U.K. culture secretary Andy Burnham is recommending a 20-year increase in copyright term to 70 years.

His comments at the U.K. Music Creators' Conference, held at London’s ICA, represent a new position for the British government on copyright. The 2006 Gowers report commissioned by the Treasury recommended maintaining the current 50-year term.

The move follows activity at the European level. In February, European Commission internal markets commissioner Charlie McCreevy backed term extension running to 95 years, and the proposals are going through the European Parliament and will be scrutinized by the Council of Ministers. Several countries have signalled their approval, although Britain has not been among them.

In his speech, Burnham said: "Copyright underpins the music business - and all our creative industries - and the right response when it's put under pressure is not to abandon a system as outdated, but to make it work better. There is a moral case for performers benefiting from their work throughout their entire lifetime."

He added that he had been working John Denham, secretary of state for innovation, universities and skills, to "consider the arguments for an extension of copyright term for performers from the current 50 years."

Burnham said the discussions were around "an extension to match more closely a performer's expected lifetime, perhaps something like 70 years, for example, given that most people make their best work in their 20s and 30s."

"We must ensure that any extension delivers maximum benefit to performers and musicians. That's the test of any model as we go forward," he added. "It's only right that someone who created or contributed to something of real value gets to benefit for the full course of their life."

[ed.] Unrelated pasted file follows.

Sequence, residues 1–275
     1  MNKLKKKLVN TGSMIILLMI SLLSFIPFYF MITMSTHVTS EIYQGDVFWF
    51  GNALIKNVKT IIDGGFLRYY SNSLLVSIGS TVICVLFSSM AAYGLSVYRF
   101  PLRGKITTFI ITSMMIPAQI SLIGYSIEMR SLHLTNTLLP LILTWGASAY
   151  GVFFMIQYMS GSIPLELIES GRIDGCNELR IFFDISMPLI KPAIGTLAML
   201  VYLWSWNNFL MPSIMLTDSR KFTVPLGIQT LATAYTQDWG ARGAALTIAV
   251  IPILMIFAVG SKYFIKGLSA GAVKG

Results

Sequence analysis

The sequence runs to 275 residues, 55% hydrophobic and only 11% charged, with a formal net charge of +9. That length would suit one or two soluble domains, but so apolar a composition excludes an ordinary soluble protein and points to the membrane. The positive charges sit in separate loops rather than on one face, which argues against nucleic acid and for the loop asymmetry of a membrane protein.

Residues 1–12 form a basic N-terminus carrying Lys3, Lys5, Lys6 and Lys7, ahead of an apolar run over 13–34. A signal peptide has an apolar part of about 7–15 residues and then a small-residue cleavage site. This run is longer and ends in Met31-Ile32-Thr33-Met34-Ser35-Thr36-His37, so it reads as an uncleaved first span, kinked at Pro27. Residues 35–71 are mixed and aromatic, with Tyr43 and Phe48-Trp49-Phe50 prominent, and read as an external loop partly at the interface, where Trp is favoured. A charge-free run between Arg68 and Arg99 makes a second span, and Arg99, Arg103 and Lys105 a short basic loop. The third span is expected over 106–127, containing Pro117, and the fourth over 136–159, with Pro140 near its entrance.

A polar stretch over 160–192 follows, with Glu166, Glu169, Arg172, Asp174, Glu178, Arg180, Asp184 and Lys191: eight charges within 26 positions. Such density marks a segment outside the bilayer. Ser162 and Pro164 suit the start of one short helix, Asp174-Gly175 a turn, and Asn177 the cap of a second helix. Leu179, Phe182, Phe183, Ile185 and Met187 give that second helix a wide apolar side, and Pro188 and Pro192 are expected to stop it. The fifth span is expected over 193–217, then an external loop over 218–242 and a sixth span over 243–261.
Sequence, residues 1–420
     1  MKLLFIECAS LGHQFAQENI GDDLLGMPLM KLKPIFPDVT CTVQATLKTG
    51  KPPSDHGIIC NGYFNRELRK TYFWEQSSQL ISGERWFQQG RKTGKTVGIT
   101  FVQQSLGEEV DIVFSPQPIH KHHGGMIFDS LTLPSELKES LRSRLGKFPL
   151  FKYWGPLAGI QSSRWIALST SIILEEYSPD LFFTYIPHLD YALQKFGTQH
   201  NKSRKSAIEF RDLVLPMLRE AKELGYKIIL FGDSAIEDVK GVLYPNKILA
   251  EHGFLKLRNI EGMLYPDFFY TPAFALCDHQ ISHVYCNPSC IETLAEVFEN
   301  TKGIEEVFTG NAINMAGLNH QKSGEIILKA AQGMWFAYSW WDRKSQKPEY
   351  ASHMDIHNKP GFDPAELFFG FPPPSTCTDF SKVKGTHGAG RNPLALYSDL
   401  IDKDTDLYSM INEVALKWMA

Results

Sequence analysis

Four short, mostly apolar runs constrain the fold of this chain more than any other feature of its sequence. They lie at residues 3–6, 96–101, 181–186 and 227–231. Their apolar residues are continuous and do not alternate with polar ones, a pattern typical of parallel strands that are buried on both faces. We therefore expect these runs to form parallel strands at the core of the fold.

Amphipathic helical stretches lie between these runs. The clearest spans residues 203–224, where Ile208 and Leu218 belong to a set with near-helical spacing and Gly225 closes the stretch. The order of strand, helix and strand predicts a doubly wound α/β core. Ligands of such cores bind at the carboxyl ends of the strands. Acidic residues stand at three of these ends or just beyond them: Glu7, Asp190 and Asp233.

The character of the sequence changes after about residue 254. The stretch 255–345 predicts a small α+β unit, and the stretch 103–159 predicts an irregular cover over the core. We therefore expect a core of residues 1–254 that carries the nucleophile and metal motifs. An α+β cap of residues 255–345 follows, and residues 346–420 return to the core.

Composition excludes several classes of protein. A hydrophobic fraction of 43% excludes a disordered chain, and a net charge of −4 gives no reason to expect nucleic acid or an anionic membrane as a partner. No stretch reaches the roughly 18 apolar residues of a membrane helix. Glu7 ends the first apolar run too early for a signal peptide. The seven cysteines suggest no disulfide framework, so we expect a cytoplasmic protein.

Congratulating McCreevy - who was present - for his efforts and pledging to work with him on the right approach, Burnham said: "We want the industry to come back with good, workable ideas as to how a proposal on copyright extension might be framed that directly and predominantly benefits performers - both session and featured musicians."

He stressed that copyright extension needs to be backed up by a system of creative education for young people and investment by the industry in the next generation of artists.

“Music has been hit hard over the last ten years, and if we don't do something there is a real danger that parts of the music industry will be washed away," said Burnham.

U.K. Music, the umbrella organization for music industry bodies, applauded the new direction in government.

CEO Feargal Sharkey said in a statement: "Today's announcement regarding term extension is a clear sign that government, like everyone in our industry, is committed to ensuring that U.K. music retains its status as the very best in the world."

Horace Trubridge, Musicians' Union assistant general secretary, added: "We are delighted that the government has today demonstrated its clear support for the performer community. The MU has always argued that term of protection should not run out during a performer's lifetime, and we would support any proposal that supported this principle and was of direct benefit to performers."